Over the last few months, Israel's security services have noted a change in the kind of Palestinian carrying out terror attacks. He is no longer a member of Fatah or Hamas or any of the other terror groups. Mostly, he's a young person with no prospects, someone who hates the Palestinian leadership, and wants to be free of Israeli control.
In this way, writes Alon Ben-David in the Jerusalem Post, he is totally unlike killers of the past.
From Israeli interrogations of 90 terrorists in past months, an impression emerges of a generation that did not experience, or that does not remember the traumas of the past uprisings. A generation that has never even visited Israel, has never seen the sea or gone abroad, but that rather lives on the Internet, and via the web has gained its understanding of the world. Its reference point for information is Israel and what happens in the rest of the Arab world is of less significance.
This generation of Palestinians is not interested in a framework for a diplomatic solution with Israel and it does not care if Israel negotiates or does not negotiate with the Palestinian Authority. It cares about one thing only: human rights for the Palestinians. It believes that Israel negates its basic rights and it is demanding those rights and the creation of a Palestinian state is a secondary concern for it.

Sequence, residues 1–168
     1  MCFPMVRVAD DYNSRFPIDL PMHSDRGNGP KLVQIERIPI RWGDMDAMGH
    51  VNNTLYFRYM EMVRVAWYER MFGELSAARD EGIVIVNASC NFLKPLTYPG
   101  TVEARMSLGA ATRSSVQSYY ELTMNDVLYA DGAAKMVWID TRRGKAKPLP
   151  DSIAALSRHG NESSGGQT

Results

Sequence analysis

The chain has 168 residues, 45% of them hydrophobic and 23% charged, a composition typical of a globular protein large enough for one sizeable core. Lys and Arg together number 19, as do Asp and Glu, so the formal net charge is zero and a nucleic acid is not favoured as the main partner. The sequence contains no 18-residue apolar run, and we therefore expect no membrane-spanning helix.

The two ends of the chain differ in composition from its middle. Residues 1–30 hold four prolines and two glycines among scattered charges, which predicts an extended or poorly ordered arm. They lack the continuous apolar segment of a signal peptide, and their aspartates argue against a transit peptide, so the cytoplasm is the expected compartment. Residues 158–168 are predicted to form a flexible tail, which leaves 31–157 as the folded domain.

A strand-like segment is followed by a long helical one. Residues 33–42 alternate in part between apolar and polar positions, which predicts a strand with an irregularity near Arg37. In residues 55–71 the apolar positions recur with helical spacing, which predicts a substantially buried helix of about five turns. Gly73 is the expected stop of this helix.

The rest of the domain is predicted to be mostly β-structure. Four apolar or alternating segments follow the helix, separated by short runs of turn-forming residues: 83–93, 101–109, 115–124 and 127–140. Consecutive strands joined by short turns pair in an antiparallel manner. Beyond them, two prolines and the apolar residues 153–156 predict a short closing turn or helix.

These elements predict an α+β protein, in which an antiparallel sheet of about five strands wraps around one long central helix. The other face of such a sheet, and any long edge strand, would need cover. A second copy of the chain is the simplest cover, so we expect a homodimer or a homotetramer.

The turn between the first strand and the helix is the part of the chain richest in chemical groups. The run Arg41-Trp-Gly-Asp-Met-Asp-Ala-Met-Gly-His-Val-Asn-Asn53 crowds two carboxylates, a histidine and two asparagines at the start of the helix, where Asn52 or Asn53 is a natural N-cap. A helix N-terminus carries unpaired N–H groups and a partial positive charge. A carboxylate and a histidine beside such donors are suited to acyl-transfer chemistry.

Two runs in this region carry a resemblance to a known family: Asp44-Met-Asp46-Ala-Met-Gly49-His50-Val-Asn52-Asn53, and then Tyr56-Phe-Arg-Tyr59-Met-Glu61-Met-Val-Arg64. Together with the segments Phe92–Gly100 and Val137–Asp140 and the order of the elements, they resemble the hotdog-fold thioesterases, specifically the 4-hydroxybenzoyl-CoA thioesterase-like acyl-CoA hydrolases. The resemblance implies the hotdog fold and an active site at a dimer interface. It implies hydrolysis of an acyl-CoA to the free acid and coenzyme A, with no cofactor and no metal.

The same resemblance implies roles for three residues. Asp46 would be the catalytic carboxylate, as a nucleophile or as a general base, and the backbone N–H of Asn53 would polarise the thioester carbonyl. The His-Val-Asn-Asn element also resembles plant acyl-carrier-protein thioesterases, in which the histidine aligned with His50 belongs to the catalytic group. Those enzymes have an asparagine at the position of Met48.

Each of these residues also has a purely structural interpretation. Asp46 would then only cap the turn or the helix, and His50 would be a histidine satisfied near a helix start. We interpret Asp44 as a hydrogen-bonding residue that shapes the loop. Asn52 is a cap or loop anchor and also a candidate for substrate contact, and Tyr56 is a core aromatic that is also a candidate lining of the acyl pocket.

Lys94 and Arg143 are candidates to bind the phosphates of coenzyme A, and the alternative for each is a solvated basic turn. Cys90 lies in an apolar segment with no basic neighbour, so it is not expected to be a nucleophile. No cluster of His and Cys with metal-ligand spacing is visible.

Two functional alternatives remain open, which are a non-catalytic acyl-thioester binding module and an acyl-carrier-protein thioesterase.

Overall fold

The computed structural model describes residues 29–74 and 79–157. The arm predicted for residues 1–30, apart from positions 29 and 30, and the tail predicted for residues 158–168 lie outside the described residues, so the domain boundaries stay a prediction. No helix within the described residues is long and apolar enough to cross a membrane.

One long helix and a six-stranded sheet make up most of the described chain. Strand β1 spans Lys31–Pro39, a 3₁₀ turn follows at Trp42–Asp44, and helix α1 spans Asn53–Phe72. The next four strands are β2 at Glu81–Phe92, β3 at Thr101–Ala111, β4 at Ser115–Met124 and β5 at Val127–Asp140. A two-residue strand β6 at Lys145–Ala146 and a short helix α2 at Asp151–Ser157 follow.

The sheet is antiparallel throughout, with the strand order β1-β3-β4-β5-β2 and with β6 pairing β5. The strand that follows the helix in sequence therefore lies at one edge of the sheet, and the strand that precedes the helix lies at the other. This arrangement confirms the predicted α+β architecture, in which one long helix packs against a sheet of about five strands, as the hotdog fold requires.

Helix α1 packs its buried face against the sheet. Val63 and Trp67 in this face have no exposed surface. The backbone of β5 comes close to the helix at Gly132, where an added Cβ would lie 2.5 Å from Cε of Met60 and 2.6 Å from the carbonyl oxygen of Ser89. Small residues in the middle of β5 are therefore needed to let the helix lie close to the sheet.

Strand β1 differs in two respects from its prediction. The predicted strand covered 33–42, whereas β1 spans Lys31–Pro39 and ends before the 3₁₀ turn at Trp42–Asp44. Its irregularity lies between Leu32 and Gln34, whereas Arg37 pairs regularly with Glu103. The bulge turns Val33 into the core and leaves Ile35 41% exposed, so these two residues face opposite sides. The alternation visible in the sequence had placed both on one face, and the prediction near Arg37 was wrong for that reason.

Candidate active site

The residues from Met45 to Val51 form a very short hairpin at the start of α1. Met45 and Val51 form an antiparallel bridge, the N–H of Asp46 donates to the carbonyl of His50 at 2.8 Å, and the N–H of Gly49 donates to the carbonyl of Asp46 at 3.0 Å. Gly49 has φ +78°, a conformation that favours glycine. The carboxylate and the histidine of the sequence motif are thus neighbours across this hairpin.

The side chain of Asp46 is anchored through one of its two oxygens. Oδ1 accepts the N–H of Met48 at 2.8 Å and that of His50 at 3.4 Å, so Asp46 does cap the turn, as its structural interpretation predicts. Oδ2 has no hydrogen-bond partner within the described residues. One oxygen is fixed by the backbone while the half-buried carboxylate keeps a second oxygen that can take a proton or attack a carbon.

Lack of economic opportunity, Ben-David writes, is key to understanding the mindset of this new terrorist.
They study, earn degrees and then don't find work. There were 370 applicants recently in response to an ad placed for a water meter reader in the village of Tubas. Half of the applicants had post secondary education. Hundreds apply when a police officer position opens in the Palestinian Authority, a job that pays 1200 shekels per month. In the West Bank, one can find chemists that work as bakers and mathematicians that work as construction laborers.
In other words, if the Palestinians would accept a Jewish state and agree to lay down their arms and live in peace, everything would come to them, including economic prospects. Will this new generation see the light?
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